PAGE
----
They believed all was fine since they had gotten permission from TPTB (The Powers That Be). What they learned was that what the TPTB approved wasn’t necessarily what the staff on set approved. When they arrived, they went around the set to say hello and talk to the crew and staff that they became so familiar with over the past few months. The atmosphere was subdued, one of the directors had just passed away, and they were quickly ushered into a room where a producer of the show told them they could no longer speak to the people they had just spoken to, and that once they left the room they could only observe from a distance. The Fangirls were shocked and even more so when they found out the other two winners of the bid had not yet gotten to meet Jensen and Jared, with whom they were promised to meet as part of their bid they so graciously paid for.

Zubernis and Larsen were disappointed and felt badly for the two paying fans who waited all day for a visit with the stars of the show. Instead, the two winners got an autographed copy of the Supernatural Magazine for their troubles. The Fangirls realized that TPTB don’t really understand fans. Surely TPTB had to know that going on set to get an autographed magazine was not acceptable, when a fan could go to a convention and stand in line to get that for free, a set visit should have constituted a face-to-face meeting, the fans paid good money for it after all. Weren’t they the customer? Shouldn’t they have been treated as a paying customer would; didn’t TPTB want their love, their loyalty, their MONEY? The Fangirls left dejected, and the other two winners were angry and frustrated, swearing to never support another Supernatural event ever (Larsen, & Zubernis, 2013).

Screen Shot 2015-01-25 at 11.46.36 PMOne more important issue that came into play was the fact that the Fangirls were writing a book about fandom, and their publishers at the time weren’t happy with what they had written. The publishers wanted a fun book, not the one the ladies gave to them. There was too much information about the behind-the-scenes and fandom, and not enough fun and excitement about the show. They were in the throes of trying to convince their publisher at the time that what they had written was acceptable, when they received that dreaded email – the email from the studio to cease-and-desist their correspondences and writing for the television series magazine. Here they had written articles for the show’s magazine, interviewing and establishing a relationship with the crew, and now they were asked to stop all contact. It was a blow to the Fangirls, one they took a long time recovering from. The ladies gave so much of themselves to the show just to be kicked in the gut. They were at a loss as to what they had done wrong because they had gotten permission by the studio for all their interviews and set visits. They feared legal entanglements and fees.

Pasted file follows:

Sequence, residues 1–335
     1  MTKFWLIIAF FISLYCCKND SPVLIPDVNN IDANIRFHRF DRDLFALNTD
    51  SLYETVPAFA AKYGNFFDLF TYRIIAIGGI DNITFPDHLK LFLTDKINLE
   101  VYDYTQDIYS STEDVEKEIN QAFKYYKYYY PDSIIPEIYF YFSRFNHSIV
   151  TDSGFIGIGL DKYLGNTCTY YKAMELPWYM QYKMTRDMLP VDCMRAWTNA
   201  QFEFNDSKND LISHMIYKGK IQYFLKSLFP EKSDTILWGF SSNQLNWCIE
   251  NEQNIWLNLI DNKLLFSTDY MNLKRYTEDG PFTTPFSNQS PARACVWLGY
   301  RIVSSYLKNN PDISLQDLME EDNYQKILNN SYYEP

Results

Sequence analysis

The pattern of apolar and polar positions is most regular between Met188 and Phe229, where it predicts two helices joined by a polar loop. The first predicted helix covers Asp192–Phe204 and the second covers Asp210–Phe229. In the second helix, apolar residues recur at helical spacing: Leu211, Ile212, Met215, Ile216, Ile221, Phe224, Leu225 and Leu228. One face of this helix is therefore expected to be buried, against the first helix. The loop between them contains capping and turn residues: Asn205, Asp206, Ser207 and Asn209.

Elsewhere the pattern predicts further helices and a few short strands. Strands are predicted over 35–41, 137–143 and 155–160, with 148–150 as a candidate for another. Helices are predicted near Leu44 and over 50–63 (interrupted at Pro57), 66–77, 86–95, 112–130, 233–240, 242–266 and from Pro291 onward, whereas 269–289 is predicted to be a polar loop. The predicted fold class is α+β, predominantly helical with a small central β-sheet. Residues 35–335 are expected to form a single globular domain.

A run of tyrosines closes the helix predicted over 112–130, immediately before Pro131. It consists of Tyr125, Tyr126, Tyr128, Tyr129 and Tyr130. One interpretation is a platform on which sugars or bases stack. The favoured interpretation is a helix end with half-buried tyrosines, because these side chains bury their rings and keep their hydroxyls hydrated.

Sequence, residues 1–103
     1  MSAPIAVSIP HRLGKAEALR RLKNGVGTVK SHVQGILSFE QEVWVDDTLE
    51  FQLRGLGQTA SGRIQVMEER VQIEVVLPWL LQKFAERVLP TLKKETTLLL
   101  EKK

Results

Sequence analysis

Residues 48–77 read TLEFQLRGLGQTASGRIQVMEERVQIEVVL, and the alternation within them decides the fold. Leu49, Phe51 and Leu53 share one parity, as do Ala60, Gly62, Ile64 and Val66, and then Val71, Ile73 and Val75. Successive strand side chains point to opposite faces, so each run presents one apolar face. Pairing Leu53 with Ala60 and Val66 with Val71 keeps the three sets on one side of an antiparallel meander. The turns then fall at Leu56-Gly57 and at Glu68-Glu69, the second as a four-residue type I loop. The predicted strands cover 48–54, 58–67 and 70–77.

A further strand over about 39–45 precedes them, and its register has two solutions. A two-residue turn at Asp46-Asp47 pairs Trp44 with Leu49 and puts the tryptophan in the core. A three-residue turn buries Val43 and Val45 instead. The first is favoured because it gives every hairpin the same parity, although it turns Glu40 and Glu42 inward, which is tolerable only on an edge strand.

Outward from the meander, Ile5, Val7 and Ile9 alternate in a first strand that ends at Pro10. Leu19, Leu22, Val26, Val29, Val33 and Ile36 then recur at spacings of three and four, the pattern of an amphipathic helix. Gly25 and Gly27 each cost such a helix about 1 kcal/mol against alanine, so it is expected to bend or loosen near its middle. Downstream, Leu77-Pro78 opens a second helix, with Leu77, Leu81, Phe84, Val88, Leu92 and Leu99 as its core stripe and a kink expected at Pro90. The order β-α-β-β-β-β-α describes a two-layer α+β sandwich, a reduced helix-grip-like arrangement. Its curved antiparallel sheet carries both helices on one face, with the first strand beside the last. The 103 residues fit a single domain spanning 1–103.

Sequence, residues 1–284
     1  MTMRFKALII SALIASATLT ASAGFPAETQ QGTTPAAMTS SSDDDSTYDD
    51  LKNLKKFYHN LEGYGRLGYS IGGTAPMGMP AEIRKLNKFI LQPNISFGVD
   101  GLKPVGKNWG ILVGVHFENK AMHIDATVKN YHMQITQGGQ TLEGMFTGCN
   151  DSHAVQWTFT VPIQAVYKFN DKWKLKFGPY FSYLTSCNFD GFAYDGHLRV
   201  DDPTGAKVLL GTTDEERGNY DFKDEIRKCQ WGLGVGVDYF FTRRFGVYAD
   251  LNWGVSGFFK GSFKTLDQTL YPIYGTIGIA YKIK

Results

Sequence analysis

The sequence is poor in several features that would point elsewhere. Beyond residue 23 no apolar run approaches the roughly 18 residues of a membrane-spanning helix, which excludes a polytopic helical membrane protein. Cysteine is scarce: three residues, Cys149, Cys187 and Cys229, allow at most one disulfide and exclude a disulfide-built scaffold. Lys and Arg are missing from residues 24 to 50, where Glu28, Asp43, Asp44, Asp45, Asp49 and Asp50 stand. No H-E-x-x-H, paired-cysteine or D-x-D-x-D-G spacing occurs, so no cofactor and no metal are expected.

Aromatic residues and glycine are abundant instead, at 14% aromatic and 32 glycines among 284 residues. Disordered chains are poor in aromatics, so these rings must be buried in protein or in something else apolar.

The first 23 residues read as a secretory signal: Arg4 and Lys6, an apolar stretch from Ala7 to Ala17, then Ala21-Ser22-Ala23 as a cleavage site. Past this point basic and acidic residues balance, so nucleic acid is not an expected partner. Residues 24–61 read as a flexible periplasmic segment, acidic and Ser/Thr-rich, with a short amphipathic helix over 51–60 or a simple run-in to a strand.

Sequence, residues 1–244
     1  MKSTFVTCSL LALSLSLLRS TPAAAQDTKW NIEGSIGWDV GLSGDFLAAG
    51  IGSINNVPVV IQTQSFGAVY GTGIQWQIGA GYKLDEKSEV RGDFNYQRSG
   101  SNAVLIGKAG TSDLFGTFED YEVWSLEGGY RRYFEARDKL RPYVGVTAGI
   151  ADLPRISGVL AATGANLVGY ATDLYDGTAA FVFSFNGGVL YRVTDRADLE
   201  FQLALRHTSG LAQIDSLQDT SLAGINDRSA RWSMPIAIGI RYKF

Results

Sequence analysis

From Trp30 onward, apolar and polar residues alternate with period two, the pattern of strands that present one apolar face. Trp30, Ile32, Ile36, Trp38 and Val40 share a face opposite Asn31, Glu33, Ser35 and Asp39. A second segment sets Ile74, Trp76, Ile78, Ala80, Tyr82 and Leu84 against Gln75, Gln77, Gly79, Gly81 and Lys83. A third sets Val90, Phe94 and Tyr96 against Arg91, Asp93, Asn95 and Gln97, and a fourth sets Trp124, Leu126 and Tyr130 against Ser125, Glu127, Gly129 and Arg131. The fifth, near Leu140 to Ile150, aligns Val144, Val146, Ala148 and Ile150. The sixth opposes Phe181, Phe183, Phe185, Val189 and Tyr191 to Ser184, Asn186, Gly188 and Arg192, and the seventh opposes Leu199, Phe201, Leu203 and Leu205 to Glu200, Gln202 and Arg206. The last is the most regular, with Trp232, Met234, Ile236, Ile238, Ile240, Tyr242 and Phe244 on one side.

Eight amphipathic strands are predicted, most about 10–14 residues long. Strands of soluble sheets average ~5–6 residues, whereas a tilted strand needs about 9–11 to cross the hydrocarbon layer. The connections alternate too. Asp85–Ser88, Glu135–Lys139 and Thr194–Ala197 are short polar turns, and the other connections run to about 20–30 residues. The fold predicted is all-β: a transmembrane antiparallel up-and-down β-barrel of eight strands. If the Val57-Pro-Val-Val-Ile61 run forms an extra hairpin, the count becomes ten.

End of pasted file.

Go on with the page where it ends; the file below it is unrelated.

In the end Zubernis and Larsen were able to write and publish their book, and held no animosity toward the show’s stars and staff. They believed all that happened to them during their trek through the SPN family did them a favor. Their jump into the rabbit hole had taught them a lesson about fandom, celebrities, and The Powers That Be. They remain fans of the show and still write about it on their own blog. Their take away was to continue to be passionate, cautious and to be themselves at the same time (Larsen, & Zubernis, 2013).

**Update: March 26, 2015, this just in…#Supernatural alums Rob Benedict and Richard Speight, Jr. (actors who had recurring roles on Supernatural) are now starting a crowdfunding campaign on Indiegogo for a webseries that is much like #Firefly stars Alan Tudyk and Nathan Fillion’s “ConMan.”  Here’s the Variety article about it and their Indiegogo campaign.  I’m starting to see a trend happening.

Screen Shot 2015-03-26 at 1.46.44 PM

And….here’s the new trailer to their Webseries…

 

References:

Barton, K.M., & Lampley, J.M. (2013). “Fan CULTure: Essays on Participatory Fandom in the 21st Century.” McFarland. Kindle Edition.

Kripke, E. (2005). Director. Creator. Supernatural. Retrieved from
http://www.imdb.com/title/tt0460681/?ref_=nv_sr_2

Larsen, K., & Zubernis, L., (2013). “Fangasm: Supernatural Fangirls.” University of Iowa Press. Kindle Edition.

Wikipedia (2015). Supernatural. Television show. Retrieved from http://en.wikipedia.org/wiki/Supernatural_%28U.S._TV_series%29

Supernatural and the Exploits of The Fangirls